In December and January I-20 will present an exhibition of two artists whose work has been influenced by the expanse of landscape and Northern light of the Baltic Sea area, which inspired these solo shows for Timur Novikov and Jaan Toomik. Novikov was an instrumental leader in the cultural shift and openness that occurred in St. Petersburg, Russia, in the 1980s, whereas Toomik is an example of an exceptional artist who has emerged out of post-Soviet culture in one of the Baltic republics, Estonia.

Timur Novikov usually works in the medium of fabric collage, often starting by sewing together two contrasting rectangles. The seam creates a horizontal line that centers the work. The artist says: “I spent a lot of time on the shores of various seas, in open country. I had drawn horizontal landscapes and landscapes divided by a horizontal line since I was a small child.” In these works, Novikov stencils, paints or pastes various signs: a ship, a tree, a sun. By placing the images there, he defines the horizontal line as a sea, a forest, or as space. Says Novikov, “My works are simple. They are not overloaded with information. I want my viewer to relax, to feel rested. My wish to please my viewer leads me again and again to the landscape, and above all the seascape. I measure every painting I work on against the space above my bed.”

His recent series, Russian Saints, incorporates photo-based images portraying 19th Century Russian saints and holy martyrs, a reflection of the complex history of the Eastern Orthodox Church and its transformation in the aftermath of Soviet communism. Five of the holy martyrs shown were executed in 1918, including Nicholas II and Alexandra.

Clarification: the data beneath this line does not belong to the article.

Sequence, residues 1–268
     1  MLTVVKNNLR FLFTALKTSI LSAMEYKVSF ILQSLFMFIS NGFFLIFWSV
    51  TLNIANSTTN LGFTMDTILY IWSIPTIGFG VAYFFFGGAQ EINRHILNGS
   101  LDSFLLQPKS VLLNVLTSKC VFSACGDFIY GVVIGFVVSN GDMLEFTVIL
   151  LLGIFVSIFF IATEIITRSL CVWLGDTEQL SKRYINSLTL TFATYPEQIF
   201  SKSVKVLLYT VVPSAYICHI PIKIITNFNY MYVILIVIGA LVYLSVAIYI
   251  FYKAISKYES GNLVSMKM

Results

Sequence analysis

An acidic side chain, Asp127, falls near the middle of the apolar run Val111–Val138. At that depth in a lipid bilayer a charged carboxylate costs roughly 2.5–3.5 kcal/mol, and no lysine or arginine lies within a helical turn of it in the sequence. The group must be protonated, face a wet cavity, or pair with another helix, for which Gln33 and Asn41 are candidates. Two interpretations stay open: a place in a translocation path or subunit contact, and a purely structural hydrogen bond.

A video work by Jaan Toomik will be shown in the East Room: Father and Son. In this 1998 work – accompanied by a choral sung by his ten-year old son – the artist appears as a naked man gliding across the Baltic Sea on skates.

Timur Novikov was born in St. Petersburg, Russia, in 1958. In 1983 he founded the New Artists group of Leningrad, which included Afrika (Sergei Bugaev), the filmmaker Evgeny Ufet and the composer Sergei Kuryokhin. He worked as a concert designer for the group Kino; and was art director for Sergei Solovjev’s landmark 1987 film, ASSA. In 1993 he opened the New Academy, which promotes St. Petersburg’s classical aesthetic in the contemporary arts. He is co-publisher of Kabinet, a philosophical journal of science and the arts.

Novikov has had one-person exhibitions at the Stedelijk Museum, Amsterdam; the Kunsthalle Dusseldorf; the Museum Moderner Kunst, Vienna; the Kunstlerhaus Bethanien, Berlin; and the Tate Gallery, Liverpool. In the U.S., his shows have included Russian Resurgence: Recent Works by Timur Novikov, curated by Louis Grachos, at the Center for the Fine Arts in Miami and the Frederick R. Weisman Art Foundation in Los Angeles; A Few Fey Things, curated by Bill Arning, at White Columns, New York; and a site-specific installation for the St. Petersburg Festival at New York’s World Financial Center in 1997. Timur Novikov: A Retrospective, will open in December at the State Russian Museum in St. Petersburg.

Jaan Toomik was born in 1961 in Tartu, Estonia. He was educated at the Estonian Academy of Arts, and lives and works in Tallinn. In 1998, Toomik had solo shows at the Art Museum of Estonia and Art Pace: A Foundation for Contemporary Art, in San Antonio, Texas. He has participated in many international group exhibitions, including the 1994 Sao Paulo Biennial; the 1997 Venice Bienalle; Truce for the Second Site Santa Fe Biennale, curated by Francesco Bonami; Letter and Event at Apex Art, New York, curated by Maria Lind; ARS 95 at the Museum of Contemporary Art, Helsinki; Manifesta 1 European Biennial of Modern Art, Rotterdam Art Hall; and Personal Time: Art of Estonia, Latvia and Lithuenia, 1945-1996, at the Center for Contemporary Art, Warsaw, Poland.

An illustrated catalogue (No.8), with essays by Andrew Solomon and Hanno Soans, will accompany this exhibition.

This exhibition has received support from the Soros Centre for Contemporary Arts, Estonia (SCCA, Estonia), the Ministry of Culture of the Estonian Republic, and the Cultural Endowment of Estonia.